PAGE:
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Japan's Minister of Health, Labour and Welfare Stumbles on 'Baby Machines'

February 2, 2007
Volume 5 | Issue 2
Article ID 2357

Japan's Minister of Health, Labour and Welfare Stumbles on ‘Baby Machines’

By Mark Schreiber

On January 27, at a gathering of Liberal Democratic Party supporters in Matsue City, Minister of Health, Labour and Welfare Yanagisawa Hakuo made his now-famous remark that "women are child-bearing machines," and immediate plunged himself into water considerably hotter than any of the local onsen.

"I was just trying to make the subject easier to understand," Yanagisawa was said to have muttered afterward.

Harrumph! Easy for whom? Most likely for himself.

Serving as a "judge," trying this case for Aera (Feb. 12), female literary critic Saito Minako observed that insensitive remarks by politicians seem to pop up somewhere almost once a week. It's like cockroaches in the kitchen: encounter one, and you can assume 100 others are lurking under the sink.

Yanagisawa Hakuo

The issue is a hot potato, and Ms. Saito opines that politicians would best be advised to say nothing at all. Or, if obliged to say something, at least describe the issue in more civil terms, like "These days, women don't feel inclined to give birth."

Mr. Yanagisawa spent most of his career as a bureaucrat before turning to politics, and his constituents view him as something of a bumbler at the podium, spouting numbers or logic that often fail to connect.

"More than intending to show contempt for women, I think his remark reveals the true feelings of a Ministry of Finance bureaucrat," political commentator Suzuki Toichi tells Sunday Mainichi (Feb. 18). "He sees increasing the population only in terms of expanding the tax base."

Shukan Asahi (Feb. 16) features none other than Yanagisawa Noriko, a woodblock print artist and professor at Musashino Art University. Who also happens to be the "machine" who bore the minister two daughters.

Yanagisawa Noriko

"Why did you make that stupid remark?" she admonished her husband.

"Sorry, sorry!" came his reply.

Yanagisawa was the sixth of eight children in a poor family. From middle through high school he delivered newspapers and performed other chores to help make ends meet.

"If his mother were alive today, she might tell him, 'I don't remember bringing you up to be the kind of person who would say something like that,'" she remarks.

"This November we'll have been married for 42 years," Noriko continues. "There are times when I feel more like his mother than his wife. A machine might have a memory, but it doesn't have a heart. Women give birth with their hearts -- now more than ever. I'm going to remind him of this."

Writing in Shukan Gendai (Feb. 17), novelist and academic Takahashi Genichiro points out that Yanagisawa's observation was neither original nor contemporary. To support this contention, he cites 18th century French philosopher Julien Offray de La Mettrie (1709-1751) who authored the controversial work "L'Homme machine (Man a Machine)."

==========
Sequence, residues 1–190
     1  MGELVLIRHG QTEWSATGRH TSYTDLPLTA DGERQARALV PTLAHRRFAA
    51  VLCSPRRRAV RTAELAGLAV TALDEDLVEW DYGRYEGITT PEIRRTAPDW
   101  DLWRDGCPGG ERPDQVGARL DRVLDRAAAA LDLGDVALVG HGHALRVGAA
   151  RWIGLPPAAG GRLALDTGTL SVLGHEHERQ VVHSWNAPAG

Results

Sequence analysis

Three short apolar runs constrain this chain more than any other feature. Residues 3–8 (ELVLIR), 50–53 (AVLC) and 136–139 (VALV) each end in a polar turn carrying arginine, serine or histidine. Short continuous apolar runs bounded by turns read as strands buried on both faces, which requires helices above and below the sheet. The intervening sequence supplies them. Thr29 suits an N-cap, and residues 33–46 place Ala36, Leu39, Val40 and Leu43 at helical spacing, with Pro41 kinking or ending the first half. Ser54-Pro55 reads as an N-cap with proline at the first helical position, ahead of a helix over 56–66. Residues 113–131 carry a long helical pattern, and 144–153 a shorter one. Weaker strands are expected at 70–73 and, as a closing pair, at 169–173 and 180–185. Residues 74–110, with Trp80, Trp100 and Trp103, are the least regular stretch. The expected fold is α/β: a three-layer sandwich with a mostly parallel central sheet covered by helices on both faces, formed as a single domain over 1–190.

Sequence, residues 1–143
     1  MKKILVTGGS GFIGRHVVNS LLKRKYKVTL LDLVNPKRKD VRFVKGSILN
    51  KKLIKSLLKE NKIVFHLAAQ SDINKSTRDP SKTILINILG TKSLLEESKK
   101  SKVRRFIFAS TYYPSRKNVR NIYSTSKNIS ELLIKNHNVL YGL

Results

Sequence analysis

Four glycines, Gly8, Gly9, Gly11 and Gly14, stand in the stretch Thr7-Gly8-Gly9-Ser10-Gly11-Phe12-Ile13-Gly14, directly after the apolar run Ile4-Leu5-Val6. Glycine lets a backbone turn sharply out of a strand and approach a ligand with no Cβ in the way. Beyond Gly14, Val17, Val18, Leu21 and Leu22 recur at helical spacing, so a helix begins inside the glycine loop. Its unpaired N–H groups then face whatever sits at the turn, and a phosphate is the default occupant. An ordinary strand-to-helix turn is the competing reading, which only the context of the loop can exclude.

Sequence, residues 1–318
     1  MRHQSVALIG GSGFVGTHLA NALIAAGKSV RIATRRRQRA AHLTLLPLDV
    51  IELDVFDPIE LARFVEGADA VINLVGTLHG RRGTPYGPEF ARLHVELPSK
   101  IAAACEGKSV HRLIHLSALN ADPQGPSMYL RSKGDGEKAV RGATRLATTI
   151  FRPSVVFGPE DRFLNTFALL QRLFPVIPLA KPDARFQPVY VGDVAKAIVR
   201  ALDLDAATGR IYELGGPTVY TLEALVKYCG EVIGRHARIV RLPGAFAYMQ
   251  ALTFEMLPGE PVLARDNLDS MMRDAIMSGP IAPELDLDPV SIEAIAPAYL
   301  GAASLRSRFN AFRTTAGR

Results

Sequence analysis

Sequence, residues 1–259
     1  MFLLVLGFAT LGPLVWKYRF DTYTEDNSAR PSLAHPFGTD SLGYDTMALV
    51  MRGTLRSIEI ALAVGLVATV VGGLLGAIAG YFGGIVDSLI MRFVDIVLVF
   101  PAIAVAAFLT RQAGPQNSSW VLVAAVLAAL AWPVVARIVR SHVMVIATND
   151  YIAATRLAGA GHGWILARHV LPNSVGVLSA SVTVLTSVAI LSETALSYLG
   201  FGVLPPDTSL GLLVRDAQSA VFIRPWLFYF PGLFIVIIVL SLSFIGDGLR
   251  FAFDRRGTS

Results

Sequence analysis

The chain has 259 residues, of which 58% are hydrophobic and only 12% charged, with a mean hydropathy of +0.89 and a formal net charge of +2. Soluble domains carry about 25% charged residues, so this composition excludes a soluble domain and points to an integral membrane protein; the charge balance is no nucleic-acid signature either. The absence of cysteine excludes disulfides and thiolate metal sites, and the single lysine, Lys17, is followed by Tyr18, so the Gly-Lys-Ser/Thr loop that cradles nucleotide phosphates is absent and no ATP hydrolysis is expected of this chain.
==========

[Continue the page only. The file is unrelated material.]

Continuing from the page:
Julien Offray de La Mettrie

La Mettrie had contended against the existence of the human soul, a view that got him expelled from one European country after another.

Takahashi's mother once told him, that on the day after her wedding, her mother-in-law (Takahashi's paternal grandmother) coldly informed her, "You were brought into the Takahashi household to bear children. We are merely leasing your womb."

What an absolutely terrible thing to say to a bride of one day! But perhaps, Takahashi reflects, not really so different in substance from Mr. Yanagisawa's remarks -- except perhaps more close up and personal. Half a century ago that was the way many mothers-in-law viewed the matter.

But, Takahashi, points out, consider the soldiers Japan sent off to war -- indoctrinated, as they were, to unquestioning obedience. Didn't that make them machines, in a sense? And how about the inhuman system today that forces children to spend a good portion of their waking hours cramming for school examinations?

Children attending a cram school in Japan.

When these children come of age, they are "installed" as "new model" machines in companies, where they'll be spending the next 40 years, until the time comes for them to be automatically discarded. Even though still usable, they will have become obsolete and therefore useless, at which time they'll be placed beside the window and ignored.

As a youth, Takahashi used to revel in the "Astro Boy" comics by cartoonist Tezuka Osamu. How, Takahashi would marvel, did Astro Boy, being a machine, come to possess such a valiant spirit? But now he understands: the humans depicted in Astro Boy's proximity were actually all machines as well.

Astro Boy

Mark Schreiber is the "Tokyo Confidential" columnist, The Japan Times. He is the author of The Dark Side: Infamous Japanese Crimes and Criminals and the compiler of Tabloid Tokyo: 101 Tales of Sex, Crime and the Bizarre taken from Japan's Wild Weeklies. A new volume from Kodansha is forthcoming in March.

This is a revised and expanded version of an article that appeared in The Japan Times on February 11, 2007. Published at Japan Focus on February 19, 2007.